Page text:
Many anarcho-capitalists are not agorists because they still support participation in the political process as a strategy, such as the enthusasiam for and involvement in the Ron Paul campaign and the Libertarian Party. Wheras Agorists are highly critical of the Ron Paul campaign and dissavow the Libertarian Party. Agorists may also tend to have a bit of a different emphasis on alliances, being more allied with libertarian and anarchist elements on "the left". Agorists appear to be more in line with Rothbard ala 1970's as compared to Rothbard ala late 80's and early 90's. Rothbard did seem to grow more conservative as he aged, and switched his alliance more towards the paleo right. He also explicitly denounced anti-voting sentiment as misguided and naive. One of the few areas I have rather strong disagreement with Rothbard on is strategy.

  • | Post Points: 35
Top 100 Contributor
Posts 849
Points 17,125
Ego replied on Thu, Mar 27 2008 3:15 PM
Thanks for the explaination, that would firmly keep me out of the agorist camp. I wasn't a fan of the Ron Paul campaign either, but that's because I don't like the idea of running candidates (for any party) that have no chance. I firmly believe in running electable candidates, so I guess I'm back in square one as it comes to choosing a word.

Don't allow leftists to play games with definitions! Some of the libertarian-leaning leftists at this forum will try to redefine "left-wing" back to its original defition (Third Estate, limited government, free-markets, laissez-faire reforms, etc.). Fine! We non-leftists can't stop them from using their own personal definitions; they can use whatever labels they want to describe any concept they want.

However, they have the audacity to then use their personal definition of "left-wing" (remember, the original definition, which is no longer valid) to prove that modern leftists are more libertarian than modern rightists! They will say that libertarianism is "inherently leftist" (again, using the original, no longer valid definition), and use that to insist that we should prefer and side with modern leftists over modern rightists.

Question their motives.

  • | Post Points: 20
Top 75 Contributor
Male
Posts 1,175
Points 17,905
Moderator
SystemAdministrator
I am an agorist, but I will usually refer to myself as a market anarchist or radical market/classical liberal.

 

  • | Post Points: 20
Top 50 Contributor
Male
Posts 2,221
Points 34,090
Moderator

 Off topic:

I disagree that RP was not an electable candidate, but then again, I disagree with pandering towards some vauge, mainstream concept of "electability" overall. 

What I do agree, however, is that his campaign was not nearly organized enough to make it further than they have or did.  It helped highlight the power behind grassroots, internet campaigning; but also the limits of a simply un-organized campaign, as well.  They also made the grave error of ignoring the race baiting allegations brought up by the Newsletter controversey, as well as the more recent, race-baiting post cards concerning immigration.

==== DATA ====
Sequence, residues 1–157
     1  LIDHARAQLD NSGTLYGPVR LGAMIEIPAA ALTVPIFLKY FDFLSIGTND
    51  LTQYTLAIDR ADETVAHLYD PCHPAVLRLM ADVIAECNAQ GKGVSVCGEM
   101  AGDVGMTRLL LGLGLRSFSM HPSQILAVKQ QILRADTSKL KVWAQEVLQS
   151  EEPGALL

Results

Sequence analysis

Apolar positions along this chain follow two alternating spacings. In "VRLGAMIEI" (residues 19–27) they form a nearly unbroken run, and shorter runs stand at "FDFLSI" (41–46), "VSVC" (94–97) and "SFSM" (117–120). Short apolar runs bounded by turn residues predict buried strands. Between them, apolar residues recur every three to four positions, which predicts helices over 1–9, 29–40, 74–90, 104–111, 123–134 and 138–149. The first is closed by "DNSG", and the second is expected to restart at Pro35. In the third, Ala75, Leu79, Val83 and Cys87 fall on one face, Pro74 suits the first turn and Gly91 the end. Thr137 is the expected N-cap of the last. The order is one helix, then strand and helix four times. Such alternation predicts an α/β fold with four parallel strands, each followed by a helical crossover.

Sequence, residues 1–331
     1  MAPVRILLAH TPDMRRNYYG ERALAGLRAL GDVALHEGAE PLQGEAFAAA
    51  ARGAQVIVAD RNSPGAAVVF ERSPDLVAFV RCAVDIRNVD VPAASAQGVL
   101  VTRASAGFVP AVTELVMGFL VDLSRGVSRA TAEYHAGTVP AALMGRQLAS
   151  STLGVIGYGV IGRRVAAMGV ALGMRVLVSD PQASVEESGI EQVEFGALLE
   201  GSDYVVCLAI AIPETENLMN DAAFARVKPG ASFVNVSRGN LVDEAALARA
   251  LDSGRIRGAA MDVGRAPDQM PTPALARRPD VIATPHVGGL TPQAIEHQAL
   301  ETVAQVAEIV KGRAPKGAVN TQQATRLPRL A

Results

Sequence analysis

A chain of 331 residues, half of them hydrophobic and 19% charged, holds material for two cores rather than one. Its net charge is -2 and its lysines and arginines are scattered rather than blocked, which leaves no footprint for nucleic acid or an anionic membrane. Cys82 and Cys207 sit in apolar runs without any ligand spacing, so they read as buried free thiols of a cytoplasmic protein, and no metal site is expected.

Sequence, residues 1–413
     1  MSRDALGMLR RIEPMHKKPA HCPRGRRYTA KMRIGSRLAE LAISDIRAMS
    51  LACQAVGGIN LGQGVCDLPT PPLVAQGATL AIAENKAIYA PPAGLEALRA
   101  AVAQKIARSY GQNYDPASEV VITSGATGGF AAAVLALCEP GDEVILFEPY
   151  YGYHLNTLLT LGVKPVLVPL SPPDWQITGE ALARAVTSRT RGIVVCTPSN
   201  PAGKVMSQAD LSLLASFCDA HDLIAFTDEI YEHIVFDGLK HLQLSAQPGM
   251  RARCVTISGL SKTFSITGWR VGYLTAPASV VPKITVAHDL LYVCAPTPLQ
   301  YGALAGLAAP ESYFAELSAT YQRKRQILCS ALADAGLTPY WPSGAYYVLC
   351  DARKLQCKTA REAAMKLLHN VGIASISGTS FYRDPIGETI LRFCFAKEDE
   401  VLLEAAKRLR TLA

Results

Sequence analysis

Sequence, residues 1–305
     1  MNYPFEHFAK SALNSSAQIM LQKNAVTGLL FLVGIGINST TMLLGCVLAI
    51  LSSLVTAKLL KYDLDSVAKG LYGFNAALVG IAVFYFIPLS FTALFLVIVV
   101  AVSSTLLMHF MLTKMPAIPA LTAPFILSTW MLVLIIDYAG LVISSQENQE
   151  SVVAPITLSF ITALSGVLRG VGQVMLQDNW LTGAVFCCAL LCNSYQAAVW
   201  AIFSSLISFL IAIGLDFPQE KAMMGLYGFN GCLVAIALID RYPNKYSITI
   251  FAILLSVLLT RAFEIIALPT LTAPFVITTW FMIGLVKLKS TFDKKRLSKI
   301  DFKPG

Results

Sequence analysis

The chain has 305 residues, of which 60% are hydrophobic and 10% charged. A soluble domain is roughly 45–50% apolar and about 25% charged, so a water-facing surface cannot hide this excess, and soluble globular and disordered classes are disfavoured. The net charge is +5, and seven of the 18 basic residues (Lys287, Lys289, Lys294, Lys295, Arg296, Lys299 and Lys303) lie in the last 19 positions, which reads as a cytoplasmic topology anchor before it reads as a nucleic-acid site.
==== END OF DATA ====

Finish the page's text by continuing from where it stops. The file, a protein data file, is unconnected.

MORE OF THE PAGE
The campaign was actually serious that if you ignore a problem, it would go away.  I was also dis-heartened by the fact of the following post regarding the deeper, possible backstory regarding the Newsletter's here: http://fusionistlibertarian.blogspot.com/2008/01/rockwell-rothbard-race-war.html.


Back on Topic:  

I also agree with what I've read concerning Agorism; it also helped me further see the correlation between economic & personal freedom.  I'm not sure what I would label myself though, as such a pre-mature label will probably change in the coming year as I read more.

The best label I can give myself right now would be a "student of libertarianism's assorted philosopy, principles, & literature."; although I'm also reading into objectvism, post-statism, panarchy, & polyarchy.  

I'm still green around the ears, so we'll see in about 6 months to a year.

"Look at me, I'm quoting another user to show how wrong I think they are, out of arrogance of my own position. Wait, this is my own quote, oh shi-" ~ Nitroadict

  • | Post Points: 20
Top 100 Contributor
Male
Posts 946
Points 15,410
MacFall replied on Thu, Mar 27 2008 8:43 PM

thecapitalist: One need not agree totally with "plumbline" agorism to be an agorist. There is a general acceptance by the community of anyone who favors economic secession as the means of opposing the state. I, for example, do not agree with SEKIII's class analysis, and while I don't think that political strategies are viable methods of reform, I am not hostile to libertarians who choose to vote. I'm voting for Paul myself in the PA primary, although I won't vote in the general. As was pointed out earlier, agorism refers more to the strategy than to a particular philosophy. When I say I'm an agorist, I mean it in both senses (the latter to an extent) - but that doesn't have to be true for everybody.

Pro Christo et Libertate integre!

  • | Post Points: 5
Top 100 Contributor
Posts 849
Points 17,125
Ego replied on Thu, Mar 27 2008 9:23 PM

Off topic: Incrimentalism has worked a little too well for both the right and the left in this country, but especially for the left. I don't see why the same can't be true for ancaps. It's frustrating having the only contenders be collectivists wearing different color ties.

 

Don't allow leftists to play games with definitions! Some of the libertarian-leaning leftists at this forum will try to redefine "left-wing" back to its original defition (Third Estate, limited government, free-markets, laissez-faire reforms, etc.). Fine! We non-leftists can't stop them from using their own personal definitions; they can use whatever labels they want to describe any concept they want.